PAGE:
Building a Winning Team for Your First Business

Written by on August 17, 2019 in Business with 0 Comments

With great management comes great responsibility. A functional team is essential for any business, but especially if this is your first time setting up shop. It isn’t something you put together after a quick audition and hope for the best. It needs to be the right size as well as to include members with adequate talents and skills to get the job done. Clear purpose, open communication and fairness in decision-making are just some of the requirements necessary to form a sound basis for success. A good team leader knows how to provide guidance as well as leave space for independence and creativity, how to inspire and motivate, and most importantly how to maintain the desired level of functionality no matter what the situation and its consequences are. Here are some useful tips on how to make sure you have assembled the best team possible which will make sure your business thrives.

Know what you want and what you need

The primary step here is to clearly identify the task at hand. If your task is hazy, you will have a hard time finding out which specific skills you need. This means that it is very likely that you’ll end up employing people with general skills, not exactly suitable for what you’ve had in mind. Speaking of skill set, while hard skills may be obvious at some point, soft skills i.e. personality traits mustn’t be left out of the equation. For example, if you’re developing a software system, you’ll need engineers, programmers, project managers. However, you also can’t do without someone to talk to end-users and explain the issue at hand in comprehensible laymen’s terms. Furthermore, you’ll need someone to bring and keep the whole team together – your team leader.

Finding the right people

Careful selection by a qualified HR professional with certified education in the field is crucial for a well-functioning group. There are several ways in which you can assemble your team. If your company has grown enough, you can build an internal team and engage people already working for you. The advantage of this approach is that you already know their strengths and weaknesses, but the disadvantage is that you are pulling them away from their tasks or other teams while setting yours as a priority. This can create a bit of tension in the workplace and should be done with care.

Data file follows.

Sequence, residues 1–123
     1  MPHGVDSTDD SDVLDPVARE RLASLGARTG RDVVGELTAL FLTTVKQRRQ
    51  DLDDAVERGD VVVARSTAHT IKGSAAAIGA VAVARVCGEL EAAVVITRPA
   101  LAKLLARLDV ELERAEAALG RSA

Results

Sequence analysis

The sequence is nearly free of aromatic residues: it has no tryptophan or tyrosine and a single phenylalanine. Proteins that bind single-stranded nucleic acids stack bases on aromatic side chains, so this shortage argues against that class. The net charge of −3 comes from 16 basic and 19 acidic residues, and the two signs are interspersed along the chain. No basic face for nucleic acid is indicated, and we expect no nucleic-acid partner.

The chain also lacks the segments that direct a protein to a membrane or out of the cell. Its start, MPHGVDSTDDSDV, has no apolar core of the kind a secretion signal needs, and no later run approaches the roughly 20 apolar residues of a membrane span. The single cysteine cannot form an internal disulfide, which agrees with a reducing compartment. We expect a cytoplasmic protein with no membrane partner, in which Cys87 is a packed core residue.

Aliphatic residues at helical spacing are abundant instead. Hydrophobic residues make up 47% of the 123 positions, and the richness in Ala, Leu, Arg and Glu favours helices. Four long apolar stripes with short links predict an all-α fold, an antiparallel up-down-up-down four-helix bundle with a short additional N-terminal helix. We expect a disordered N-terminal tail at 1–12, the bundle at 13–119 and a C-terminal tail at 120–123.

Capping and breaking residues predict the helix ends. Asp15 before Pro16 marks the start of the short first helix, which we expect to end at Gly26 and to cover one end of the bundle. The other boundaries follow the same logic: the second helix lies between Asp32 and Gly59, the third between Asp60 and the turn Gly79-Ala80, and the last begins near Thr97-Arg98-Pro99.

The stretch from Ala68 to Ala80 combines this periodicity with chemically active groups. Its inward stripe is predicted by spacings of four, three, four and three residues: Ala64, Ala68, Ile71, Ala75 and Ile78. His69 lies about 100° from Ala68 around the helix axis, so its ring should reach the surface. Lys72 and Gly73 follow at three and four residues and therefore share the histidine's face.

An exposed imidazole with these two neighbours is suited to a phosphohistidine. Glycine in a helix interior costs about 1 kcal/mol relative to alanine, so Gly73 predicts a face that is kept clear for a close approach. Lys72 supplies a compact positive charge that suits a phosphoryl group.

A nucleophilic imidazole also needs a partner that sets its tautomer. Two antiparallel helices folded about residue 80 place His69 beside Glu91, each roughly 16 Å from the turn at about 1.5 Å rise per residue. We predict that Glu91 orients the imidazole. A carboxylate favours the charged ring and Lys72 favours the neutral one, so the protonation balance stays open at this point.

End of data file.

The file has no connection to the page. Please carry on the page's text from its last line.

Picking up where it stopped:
Hiring from the outside is no mean feat either. Consider your budget first since you might feel tempted to hire one excelling professional who will leave you with insufficient funds for the rest of the team. Chances are you’ll be forced to hire the rest at an entry-level, which will hardly balance out your superstar. However, if you put quantity over quality and hire many people for the lowest possible wages, you’re risking dissatisfaction with income and possible sloppy work since there is no experienced expert present to provide proper guidance and motivation.

Motivation is vital

Even if you put together the perfect team, you can’t just leave them to do their work unsupervised. Though this shows that you trust them completely, employees need encouragement and appreciation. They need to know that you notice the progress and effort they put into a given project; otherwise, they might lose interest and feel discouraged. Praise as well as criticism is welcomed in a healthy team since they show that the employees are valued and that their employer cares much about their improvement.

How important is good communication?

Team communications does not take a single form. It is verbal, digital, written and very often includes all those things left unsaid. Whatever the channel may be, it is of utmost importance that the team communicates clearly and openly in order to achieve the best results. Although there are no wrongs in choosing the right communication medium, the team leader needs to decide on the most appropriate one. There is probably a mixture of introverts and extroverts within the group, with very different preferences in ways of communicating. Introverts need a bit more time to reflect while extroverts think out loud and prefer instant feedback. Fortunately, there are now personality tests, such as the Myers-Briggs Type Indicator (MBTI) you can use to determine which communication style best suits your team, but you can always have an open discussion about it, which is a great start in itself.

All in all, no part of assembling a great team should be done in haste, from choosing the right people, through motivating and managing them to rewarding their effort and celebrating success. There are no perfect combinations here and you can expect to run into glitches in relationships among your staff, but resolving those issues is all part of the job on the road to success. Remember, a happy team works and cooperates better, and if you provide the care they need to flourish, you can expect the best possible results.

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